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Did you know?

  • Drivers can be fined up to £1,000 if they do not inform DVLA about a medical condition that affects their driving.
  • It is an offence for drivers to refuse to submit to an eyesight test when requested to by the police.
  • Drivers may be prosecuted if involved in a collision because of their known medical condition.

The Road Traffic Act 1988 creates the offence of driving with ‘uncorrected defective eyesight’ and drivers could be prosecuted if they drive without meeting the standards of vision for driving.

Before driving any vehicle, the driver is legally required to ensure they meet the minimum eyesight rules.

Drivers must be able to read a vehicle number plate made after 1st Sept 2001 from 20 metres (with glasses or contact lenses, if necessary).

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There are medical conditions that could affect the ability to drive safely. Drivers are legally responsible for informing DVLA if they have a driving licence and develop a ‘notifiable’ medical condition or disability. Also, a condition or disability that has got worse since they got their licence.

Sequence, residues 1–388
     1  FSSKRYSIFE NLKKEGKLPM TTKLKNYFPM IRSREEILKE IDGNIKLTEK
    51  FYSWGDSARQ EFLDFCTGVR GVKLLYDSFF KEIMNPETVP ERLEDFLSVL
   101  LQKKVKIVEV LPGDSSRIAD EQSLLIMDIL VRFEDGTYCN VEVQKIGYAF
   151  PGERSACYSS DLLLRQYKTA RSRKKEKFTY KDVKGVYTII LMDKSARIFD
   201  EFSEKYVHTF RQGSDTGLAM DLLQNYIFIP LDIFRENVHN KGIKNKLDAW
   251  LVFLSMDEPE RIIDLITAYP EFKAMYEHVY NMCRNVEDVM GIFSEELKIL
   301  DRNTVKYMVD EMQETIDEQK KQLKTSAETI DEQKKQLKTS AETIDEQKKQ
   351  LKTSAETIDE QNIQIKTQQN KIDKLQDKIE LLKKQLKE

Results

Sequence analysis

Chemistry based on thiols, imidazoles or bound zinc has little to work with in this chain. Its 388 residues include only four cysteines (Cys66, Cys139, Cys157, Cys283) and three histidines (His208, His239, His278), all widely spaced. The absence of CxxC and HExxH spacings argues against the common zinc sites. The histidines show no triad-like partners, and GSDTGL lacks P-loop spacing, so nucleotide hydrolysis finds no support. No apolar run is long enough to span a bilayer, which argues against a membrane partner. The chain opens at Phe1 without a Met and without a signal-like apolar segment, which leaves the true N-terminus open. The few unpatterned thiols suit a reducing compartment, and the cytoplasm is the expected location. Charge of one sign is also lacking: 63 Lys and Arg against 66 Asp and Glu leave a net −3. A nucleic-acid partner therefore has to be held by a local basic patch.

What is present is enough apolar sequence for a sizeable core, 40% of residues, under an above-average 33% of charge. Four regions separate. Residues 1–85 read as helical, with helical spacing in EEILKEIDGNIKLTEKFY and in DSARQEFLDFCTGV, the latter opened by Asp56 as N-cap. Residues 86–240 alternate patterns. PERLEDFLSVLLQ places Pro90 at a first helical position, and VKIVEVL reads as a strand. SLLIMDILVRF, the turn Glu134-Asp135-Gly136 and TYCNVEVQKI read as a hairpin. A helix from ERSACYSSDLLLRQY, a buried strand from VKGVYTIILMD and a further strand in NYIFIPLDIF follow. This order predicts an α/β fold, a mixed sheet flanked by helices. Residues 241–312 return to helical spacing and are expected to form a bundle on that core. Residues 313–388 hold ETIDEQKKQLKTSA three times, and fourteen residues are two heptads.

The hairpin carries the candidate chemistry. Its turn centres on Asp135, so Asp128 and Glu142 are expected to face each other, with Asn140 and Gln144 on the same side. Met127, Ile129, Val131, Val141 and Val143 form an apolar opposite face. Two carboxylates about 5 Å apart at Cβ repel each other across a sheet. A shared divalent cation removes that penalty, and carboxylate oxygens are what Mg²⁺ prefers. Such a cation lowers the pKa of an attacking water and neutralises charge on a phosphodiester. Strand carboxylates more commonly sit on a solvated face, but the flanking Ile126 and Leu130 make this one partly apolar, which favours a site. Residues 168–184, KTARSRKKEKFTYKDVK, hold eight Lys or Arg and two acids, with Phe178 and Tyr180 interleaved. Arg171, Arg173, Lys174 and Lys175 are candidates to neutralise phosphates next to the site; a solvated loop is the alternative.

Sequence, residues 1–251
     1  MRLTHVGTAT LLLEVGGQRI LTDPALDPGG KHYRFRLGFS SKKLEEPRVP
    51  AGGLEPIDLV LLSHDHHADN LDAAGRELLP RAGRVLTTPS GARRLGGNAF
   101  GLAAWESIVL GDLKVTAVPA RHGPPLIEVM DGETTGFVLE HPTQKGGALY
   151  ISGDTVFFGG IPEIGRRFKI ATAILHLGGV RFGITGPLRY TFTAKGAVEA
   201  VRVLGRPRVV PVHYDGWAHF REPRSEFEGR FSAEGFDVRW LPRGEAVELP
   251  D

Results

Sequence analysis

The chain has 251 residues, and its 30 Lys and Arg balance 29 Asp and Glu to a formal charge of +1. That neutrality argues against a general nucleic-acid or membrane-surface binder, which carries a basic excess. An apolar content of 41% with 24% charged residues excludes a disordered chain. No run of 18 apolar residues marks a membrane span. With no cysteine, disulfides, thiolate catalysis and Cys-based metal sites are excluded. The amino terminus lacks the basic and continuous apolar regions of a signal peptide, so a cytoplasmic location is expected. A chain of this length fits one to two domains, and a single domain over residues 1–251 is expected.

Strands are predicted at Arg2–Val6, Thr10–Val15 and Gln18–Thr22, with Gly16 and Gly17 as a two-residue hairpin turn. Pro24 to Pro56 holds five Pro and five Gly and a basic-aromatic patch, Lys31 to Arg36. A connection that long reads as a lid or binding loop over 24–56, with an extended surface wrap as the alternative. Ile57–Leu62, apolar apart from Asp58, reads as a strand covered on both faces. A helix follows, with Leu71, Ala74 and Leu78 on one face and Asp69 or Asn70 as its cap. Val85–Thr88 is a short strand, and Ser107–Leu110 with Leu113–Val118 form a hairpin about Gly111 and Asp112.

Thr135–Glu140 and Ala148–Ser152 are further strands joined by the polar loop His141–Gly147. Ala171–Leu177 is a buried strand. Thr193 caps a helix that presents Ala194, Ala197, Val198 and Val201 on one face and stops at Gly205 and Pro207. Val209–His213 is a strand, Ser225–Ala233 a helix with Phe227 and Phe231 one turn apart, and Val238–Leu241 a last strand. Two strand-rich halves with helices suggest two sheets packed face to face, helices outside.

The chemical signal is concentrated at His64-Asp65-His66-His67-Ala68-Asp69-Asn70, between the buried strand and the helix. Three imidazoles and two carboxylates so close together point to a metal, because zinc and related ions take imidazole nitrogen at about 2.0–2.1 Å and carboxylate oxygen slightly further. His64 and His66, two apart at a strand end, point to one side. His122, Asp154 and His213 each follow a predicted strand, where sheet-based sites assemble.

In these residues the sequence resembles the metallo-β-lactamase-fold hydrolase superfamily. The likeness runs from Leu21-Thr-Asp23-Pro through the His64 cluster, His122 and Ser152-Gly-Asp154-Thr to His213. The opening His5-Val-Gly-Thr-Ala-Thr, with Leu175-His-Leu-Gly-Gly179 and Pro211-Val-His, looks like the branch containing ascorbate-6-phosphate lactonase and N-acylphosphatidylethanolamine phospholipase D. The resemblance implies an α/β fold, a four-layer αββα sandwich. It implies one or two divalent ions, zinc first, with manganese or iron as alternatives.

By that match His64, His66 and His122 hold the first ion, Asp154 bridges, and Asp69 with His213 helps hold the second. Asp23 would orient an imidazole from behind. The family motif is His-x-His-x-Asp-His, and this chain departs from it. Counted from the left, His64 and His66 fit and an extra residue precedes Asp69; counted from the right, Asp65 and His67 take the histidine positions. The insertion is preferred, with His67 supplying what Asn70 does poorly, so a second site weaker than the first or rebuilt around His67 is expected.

Notifiable conditions are anything that could affect the ability to drive safely.

Visit and search for ‘driving medical conditions’

Drivers must wear glasses or contact lenses every time they drive if they need them to meet the ‘standards of vision for driving’.

Drivers must tell DVLA of any problem with their eyesight that affects both of their eyes, or the remaining eye if they only have one eye. This does not include being short or long sighted or colour blindness.

Drivers must give up their licence if the doctor tells them to stop driving for 3 months or more, or if they do not meet the required standards for driving because of a medical condition.

Drivers can apply to get their licence back when they meet the medical standards for driving again.

This information sheet is free for employers to download and distribute to their drivers.
It may not be amended in any way | Copyright 2022 National Highways.